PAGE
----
£35m Wi-Fi and 5G Trial cut back by Government

5G and Wi-Fi is on the back burner for the UK’s railways.

In light of much higher than expected costs and general market apathy towards the project, the UK Government has announced it is to scrap part of its £35 million trial of 5G-based mobile and fixed line fibre technology along the Trans Pennine rail route. With support from the Department for Culture Media and Science (DCMS) the line, which connects Manchester and York, had been selected as a trial area for new trackside wireless systems.

Coined the Trans Pennine Initiative (TPI), the trial was originally devised as a support mechanism for ambitious Government plans which sought to supply uninterrupted Wi-Fi and 5G Mobile broadband speeds of up to 1Gbps to all mainline train routes across the UK by 2025. The initiative remains a collaboration between the Local Full Fibre Networks (LFFN) and 5G Testbeds and Trials programmes, with Network Rail as the delivery partner.

Following last August’s Call for Information, central Government had been hoping to appoint a selection of winning bidders at the end of 2018, with work to commence in March of this year. However, on January 30than update published online included a; “Notification of Discontinuation of Radio Infrastructure Delivery.” The update revealed that the plan to build a passive infrastructure, which would include masts allowing radio trials of high-quality connectivity on carriages along the Trans Pennine route, was to be halted.

Despite the downsizing of the project, two elements are to remain. Firstly, Network Rail’s fibre cable deployment along the Trans Pennine route is already well underway and scheduled for completion in May of this year. Indeed, over half the fibre has already been laid (65km of 116km), splicing has commenced, and planning requests for connections to internet exchanges in both Leeds and Manchester are nearly complete. Furthermore, the DCMS recently stated they believe the completed works will act as a trial commercial model for fibre deployment on the railways.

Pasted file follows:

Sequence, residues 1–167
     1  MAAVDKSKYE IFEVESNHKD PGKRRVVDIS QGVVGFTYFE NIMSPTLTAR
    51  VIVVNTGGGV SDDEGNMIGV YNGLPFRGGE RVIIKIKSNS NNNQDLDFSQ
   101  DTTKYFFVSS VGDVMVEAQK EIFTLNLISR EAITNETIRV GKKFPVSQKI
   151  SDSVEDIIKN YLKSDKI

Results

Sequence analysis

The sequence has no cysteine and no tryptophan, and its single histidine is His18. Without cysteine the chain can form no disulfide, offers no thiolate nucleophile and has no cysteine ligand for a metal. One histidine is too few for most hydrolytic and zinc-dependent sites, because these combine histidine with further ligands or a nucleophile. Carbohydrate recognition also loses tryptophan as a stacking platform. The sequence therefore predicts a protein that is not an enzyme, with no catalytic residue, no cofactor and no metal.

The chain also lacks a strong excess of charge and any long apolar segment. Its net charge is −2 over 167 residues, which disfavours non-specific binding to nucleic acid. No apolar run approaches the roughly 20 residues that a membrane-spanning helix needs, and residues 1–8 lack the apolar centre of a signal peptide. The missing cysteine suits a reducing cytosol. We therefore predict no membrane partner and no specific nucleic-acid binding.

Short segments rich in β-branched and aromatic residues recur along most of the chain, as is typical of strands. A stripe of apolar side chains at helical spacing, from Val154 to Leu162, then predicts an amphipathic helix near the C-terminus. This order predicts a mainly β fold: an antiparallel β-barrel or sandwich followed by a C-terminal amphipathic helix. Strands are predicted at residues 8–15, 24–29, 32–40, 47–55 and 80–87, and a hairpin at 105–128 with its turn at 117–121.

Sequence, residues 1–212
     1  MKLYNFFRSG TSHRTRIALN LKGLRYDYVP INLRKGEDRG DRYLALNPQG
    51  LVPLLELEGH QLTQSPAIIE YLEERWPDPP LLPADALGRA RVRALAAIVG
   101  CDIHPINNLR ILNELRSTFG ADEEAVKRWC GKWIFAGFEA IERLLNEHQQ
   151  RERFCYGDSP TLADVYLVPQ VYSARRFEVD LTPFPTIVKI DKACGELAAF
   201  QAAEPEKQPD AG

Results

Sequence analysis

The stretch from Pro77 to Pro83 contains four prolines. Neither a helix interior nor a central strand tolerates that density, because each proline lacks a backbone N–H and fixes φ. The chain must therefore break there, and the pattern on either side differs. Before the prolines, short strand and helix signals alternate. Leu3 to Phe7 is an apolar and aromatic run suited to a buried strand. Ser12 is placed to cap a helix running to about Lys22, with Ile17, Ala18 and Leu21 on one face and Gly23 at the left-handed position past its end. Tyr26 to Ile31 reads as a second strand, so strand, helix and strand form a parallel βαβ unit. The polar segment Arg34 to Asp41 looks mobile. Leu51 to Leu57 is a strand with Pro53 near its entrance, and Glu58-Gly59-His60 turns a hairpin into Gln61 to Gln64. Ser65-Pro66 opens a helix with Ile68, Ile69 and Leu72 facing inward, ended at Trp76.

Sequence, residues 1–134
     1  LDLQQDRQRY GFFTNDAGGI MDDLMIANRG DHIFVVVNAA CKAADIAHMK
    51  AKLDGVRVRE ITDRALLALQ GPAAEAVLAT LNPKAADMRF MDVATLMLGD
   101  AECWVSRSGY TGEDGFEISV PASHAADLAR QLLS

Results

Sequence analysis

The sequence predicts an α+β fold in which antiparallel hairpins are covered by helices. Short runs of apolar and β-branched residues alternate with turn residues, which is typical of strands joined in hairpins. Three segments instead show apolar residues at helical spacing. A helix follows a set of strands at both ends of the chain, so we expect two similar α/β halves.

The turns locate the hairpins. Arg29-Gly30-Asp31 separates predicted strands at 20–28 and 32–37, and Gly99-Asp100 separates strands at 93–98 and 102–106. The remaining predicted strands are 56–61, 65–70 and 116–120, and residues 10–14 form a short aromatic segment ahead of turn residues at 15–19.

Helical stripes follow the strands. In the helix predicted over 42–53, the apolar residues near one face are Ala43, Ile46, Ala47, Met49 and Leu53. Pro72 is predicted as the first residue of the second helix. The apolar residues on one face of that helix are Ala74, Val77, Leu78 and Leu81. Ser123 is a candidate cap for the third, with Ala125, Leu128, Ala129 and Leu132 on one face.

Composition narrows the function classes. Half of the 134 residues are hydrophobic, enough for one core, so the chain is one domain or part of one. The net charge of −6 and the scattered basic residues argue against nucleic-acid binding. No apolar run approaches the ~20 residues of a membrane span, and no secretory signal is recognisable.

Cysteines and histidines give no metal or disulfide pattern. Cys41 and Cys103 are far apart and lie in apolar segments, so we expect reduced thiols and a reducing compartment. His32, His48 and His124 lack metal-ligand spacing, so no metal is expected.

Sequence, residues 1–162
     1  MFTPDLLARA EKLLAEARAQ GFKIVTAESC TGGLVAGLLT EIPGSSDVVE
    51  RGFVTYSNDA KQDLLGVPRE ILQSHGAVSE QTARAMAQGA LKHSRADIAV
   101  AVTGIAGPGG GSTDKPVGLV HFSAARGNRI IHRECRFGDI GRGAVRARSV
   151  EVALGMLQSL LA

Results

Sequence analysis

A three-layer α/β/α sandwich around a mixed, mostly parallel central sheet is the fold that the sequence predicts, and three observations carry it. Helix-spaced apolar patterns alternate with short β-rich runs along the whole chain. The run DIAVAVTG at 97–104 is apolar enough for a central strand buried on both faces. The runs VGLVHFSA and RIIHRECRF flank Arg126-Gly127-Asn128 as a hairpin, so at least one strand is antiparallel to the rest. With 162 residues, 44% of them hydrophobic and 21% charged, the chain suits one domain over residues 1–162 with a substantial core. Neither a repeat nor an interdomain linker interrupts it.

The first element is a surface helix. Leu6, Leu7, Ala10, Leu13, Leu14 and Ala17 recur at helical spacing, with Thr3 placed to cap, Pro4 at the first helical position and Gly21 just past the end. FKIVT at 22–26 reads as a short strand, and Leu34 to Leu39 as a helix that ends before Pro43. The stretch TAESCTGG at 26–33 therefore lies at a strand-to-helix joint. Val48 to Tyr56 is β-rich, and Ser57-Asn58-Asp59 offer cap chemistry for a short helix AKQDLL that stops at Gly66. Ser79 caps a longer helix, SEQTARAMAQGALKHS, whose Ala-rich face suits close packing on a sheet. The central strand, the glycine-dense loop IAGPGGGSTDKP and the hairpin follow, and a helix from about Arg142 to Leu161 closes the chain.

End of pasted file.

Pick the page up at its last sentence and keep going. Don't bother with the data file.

Second, plans are still in place to upgrade the existing 13-mile long Network Rail test track, located at the Rail Innovation and Development Centre in Melton Mowbray, enabling trials on emerging technologies such as 5G.

Following the announcement that the Trans Pennine Initiative is to be cut back, the DCMS made the following statement to provide a little more clarity to the situation:

“The Call for Input (August 20th, 2018) sought feedback on, and interest in, testing passive infrastructure, including masts, along the Trans Pennine route, to enable radio trials of high-quality passenger connectivity on trains.

Although there was interest in the concept of the trial, the market was not prepared to participate on the basis of the available funding (covering equipment provision only) and that following the trial a supplier could be required to remove their equipment.

In parallel, it has become clear, following the completion of a detailed site survey and planning work by Network Rail along the route, that the construction costs and complexity of the radio infrastructure required along the Trans Pennine route are significantly greater than expected.

The timetable for delivery of the radio trial would also be significantly impacted by these factors. Having assessed alternative options, DCMS has concluded that there are no credible means to deliver the planned passenger trials to a suitable standard within the available budget and within a reasonable timeframe to inform wider policy development.

As a result of these factors and the results of the CFI, DCMS has taken the decision not to pursue the planned build of radio infrastructure along the Trans Pennine route.

Apparently, the costs for this specific aspect were more than double (around £25m) what had actually been allocated and the deployment would have taken up to four years to complete. Suffice to say there was a legitimate concern that this effort might not deliver value for money.”

Currently, Wi-Fi penetration into the UK rail market stands at around 65%, but – and despite the recently announced cut-backs to the TPI – the figure is expected to increase exponentially over the next two years.